miles, recently appointed a new staff member: a Reader to serve
five parishes. She would, in effect, act as the incumbent of those
"This raises a question about her continuing ministerial
education," Canon Walker said. "She has not done any curacy
training, let alone multi-parish ministry training." They were
"having to devise a training package from scratch".
Her appointment meant that others would be called on to lead
services of holy communion, and so "Angela's presence in our team
will bring about greater collaboration than if a clergyperson had
been appointed to that post."
Anne Foreman (Exeter) recalled previous reports
that had lacked impact. She thought that this one would be
different because of its links to the task groups. Although it
painted a picture that she recognised, she was left thinking, "I
want more." It did not touch on the "shades of difference" that
existed, and she hoped that more work would be done on that
She also hoped for an acknowledgement that deprivation was
dispersed. There could be asset-rich people who were very
cash-poor. Suicide rates among farmers were among the highest of
The Bishop of Bath & Wells, the Rt Revd
Peter Hancock, spoke of the rural-life adviser in the diocese as an
"extraordinary resource", who encouraged him to vote for the
report. He sometimes went unannounced to farm gates to see how
farmers were doing. The impact of floods had left a scar on farms
in Somerset. The report was "excellent". He was confident that the
Synod would give it overwhelming support, but wanted people to do
more than "take note". There were nine recommendations to be
The Revd Ruth Hind (Ripon) was a rural
incumbent who welcomed the report: it was having "a really positive
effect on the morale of the rural Church". She sometimes found that
the natural inclination to centralise and create uniformity through
joint services was at odds with needs of local mission.
She hoped that people would take reluctance to travel seriously.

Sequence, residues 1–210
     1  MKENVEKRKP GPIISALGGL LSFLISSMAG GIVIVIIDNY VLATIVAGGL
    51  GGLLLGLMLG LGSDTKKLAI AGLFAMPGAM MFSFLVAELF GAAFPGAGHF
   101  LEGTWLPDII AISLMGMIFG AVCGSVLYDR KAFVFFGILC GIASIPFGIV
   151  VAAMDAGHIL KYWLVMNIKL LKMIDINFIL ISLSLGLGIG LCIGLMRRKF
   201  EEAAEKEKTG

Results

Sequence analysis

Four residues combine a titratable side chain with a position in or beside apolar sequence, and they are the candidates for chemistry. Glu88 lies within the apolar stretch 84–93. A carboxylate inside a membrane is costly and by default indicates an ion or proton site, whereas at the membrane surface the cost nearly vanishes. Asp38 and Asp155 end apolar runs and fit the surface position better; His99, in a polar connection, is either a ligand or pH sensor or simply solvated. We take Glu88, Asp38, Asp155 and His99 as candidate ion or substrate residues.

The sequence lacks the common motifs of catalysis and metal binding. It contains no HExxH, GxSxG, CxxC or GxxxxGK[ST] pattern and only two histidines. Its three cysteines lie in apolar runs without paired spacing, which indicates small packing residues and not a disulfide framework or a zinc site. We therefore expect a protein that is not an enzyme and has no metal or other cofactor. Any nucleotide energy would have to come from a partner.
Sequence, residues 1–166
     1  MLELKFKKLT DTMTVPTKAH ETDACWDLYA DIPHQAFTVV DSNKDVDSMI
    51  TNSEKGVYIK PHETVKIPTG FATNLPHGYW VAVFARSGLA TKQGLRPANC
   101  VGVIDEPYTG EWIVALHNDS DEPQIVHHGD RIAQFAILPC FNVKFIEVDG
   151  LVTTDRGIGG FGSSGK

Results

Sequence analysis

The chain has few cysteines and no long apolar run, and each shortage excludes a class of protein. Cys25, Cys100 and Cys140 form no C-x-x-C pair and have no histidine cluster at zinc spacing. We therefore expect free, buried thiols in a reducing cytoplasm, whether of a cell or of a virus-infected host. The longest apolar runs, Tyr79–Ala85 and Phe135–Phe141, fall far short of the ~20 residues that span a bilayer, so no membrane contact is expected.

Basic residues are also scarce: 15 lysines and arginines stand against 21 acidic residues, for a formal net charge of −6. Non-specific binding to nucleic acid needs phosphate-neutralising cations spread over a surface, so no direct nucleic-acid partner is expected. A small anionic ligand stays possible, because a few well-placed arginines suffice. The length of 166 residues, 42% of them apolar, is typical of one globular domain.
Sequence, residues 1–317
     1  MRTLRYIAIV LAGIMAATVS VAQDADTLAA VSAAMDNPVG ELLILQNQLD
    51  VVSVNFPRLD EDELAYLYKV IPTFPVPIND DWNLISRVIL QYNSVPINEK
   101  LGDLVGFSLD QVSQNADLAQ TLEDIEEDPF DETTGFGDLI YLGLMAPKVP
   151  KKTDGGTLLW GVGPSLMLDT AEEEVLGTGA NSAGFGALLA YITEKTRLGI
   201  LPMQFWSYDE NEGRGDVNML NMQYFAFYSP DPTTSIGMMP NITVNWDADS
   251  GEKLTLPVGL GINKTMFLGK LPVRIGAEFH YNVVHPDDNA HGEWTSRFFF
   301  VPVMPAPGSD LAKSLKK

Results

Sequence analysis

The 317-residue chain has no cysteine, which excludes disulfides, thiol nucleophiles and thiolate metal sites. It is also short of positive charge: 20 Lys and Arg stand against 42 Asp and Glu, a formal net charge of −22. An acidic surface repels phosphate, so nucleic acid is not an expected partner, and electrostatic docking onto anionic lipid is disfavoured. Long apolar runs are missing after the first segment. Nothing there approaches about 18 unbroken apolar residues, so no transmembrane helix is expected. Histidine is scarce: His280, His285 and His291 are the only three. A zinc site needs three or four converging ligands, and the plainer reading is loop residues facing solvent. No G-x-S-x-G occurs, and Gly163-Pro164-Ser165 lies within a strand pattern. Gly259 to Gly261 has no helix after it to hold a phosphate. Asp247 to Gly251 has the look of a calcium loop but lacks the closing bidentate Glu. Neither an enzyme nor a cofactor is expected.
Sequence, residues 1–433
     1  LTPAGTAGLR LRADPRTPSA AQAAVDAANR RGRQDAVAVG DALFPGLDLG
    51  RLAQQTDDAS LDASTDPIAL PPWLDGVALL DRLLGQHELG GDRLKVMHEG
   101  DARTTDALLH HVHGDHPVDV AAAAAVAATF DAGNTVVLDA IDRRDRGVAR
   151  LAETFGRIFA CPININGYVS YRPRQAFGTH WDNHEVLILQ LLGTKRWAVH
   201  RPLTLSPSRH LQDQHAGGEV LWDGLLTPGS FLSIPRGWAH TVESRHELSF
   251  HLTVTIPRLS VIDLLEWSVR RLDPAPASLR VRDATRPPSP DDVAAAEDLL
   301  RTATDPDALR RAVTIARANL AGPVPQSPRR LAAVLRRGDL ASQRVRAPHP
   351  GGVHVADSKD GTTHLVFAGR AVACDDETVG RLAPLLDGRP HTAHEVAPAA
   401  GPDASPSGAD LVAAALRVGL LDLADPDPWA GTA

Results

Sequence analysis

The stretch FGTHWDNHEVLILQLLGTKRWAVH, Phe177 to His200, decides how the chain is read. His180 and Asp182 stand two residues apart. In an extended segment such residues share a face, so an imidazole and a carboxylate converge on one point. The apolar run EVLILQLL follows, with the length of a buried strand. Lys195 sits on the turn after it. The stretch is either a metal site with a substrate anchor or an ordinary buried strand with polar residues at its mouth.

It was also important not to suggest that the part played by the
laity was to fill vicar-shaped gaps. Very large multi-parish
benefices were unmanageable.
Having lay ministers should not be seen as a means of freeing
clergy time, and was not a recipe for bigger benefices. At a
national level, they had to say that lay ministry was not second
Jack Shelley (Exeter) spoke of doing plenty of
lay training in the deanery. More than 40 people had completed
Christianity Explored, and other training in pastoral care. He
wanted to talk now about "eucharistic deprivation". He would like
the rural-affairs group to look at how to allow more people to
administer communion by extension. There was also an "oddity of a
split" at the communion table at ecumenical churches.
Tim Allen (St Edmundsbury & Ipswich)
suggested that the rural Church had been "all too often
under-looked and under-valued" by the Synod, even though fully 40
per cent of the Church of England's weekly attendance took place in
rural communities. He sensed that there was a "rough reforming ride
ahead" for the whole Church.
Unless attention was paid to multi-parish benefices, the danger
was that they would weaken and die, the Church "abandoning the
thinly populated countryside and consolidating in towns".
A consequence of the shortage of clergy and money had been the
"unrestrained growth of ever larger benefices", resulting in too
many cases in "over-stretched and over- stressed" priests who had
been trained for the traditional ministry of one priest, one
parish. They found themselves rushing between congregations on a
Sunday morning "without the opportunity to connect deeply with any.
If we carry on like this, continued decline even to the point of
extinction is all too likely."
He set out three areas for change: first, the clergy needed to
be trained in how to lead and inspire teams of lay people and
retired clergy. Second, lay people required high-quality training,
leadership, and support. Third, he supported the proposed work on
Mary Durlacher (Chelmsford) referred to the
"great resistance" to change which could be encountered. The clergy
must be trained to have confidence in the gospel so that they might
not be "cowed by resistance", and recognise that "the gospel can
be, is, an offence."
Her own church had been down to 12 people. Then a new incumbent
preached the "bad news" that came before the "good news". Ten of
the 12 left, but the church was now 150-strong. "The days of
expecting people to come to church are over. We have to first go to
the people outside the camp with the good news of Christ, and
recognise that coming to church is quite far down the line for
discipleship, as is giving."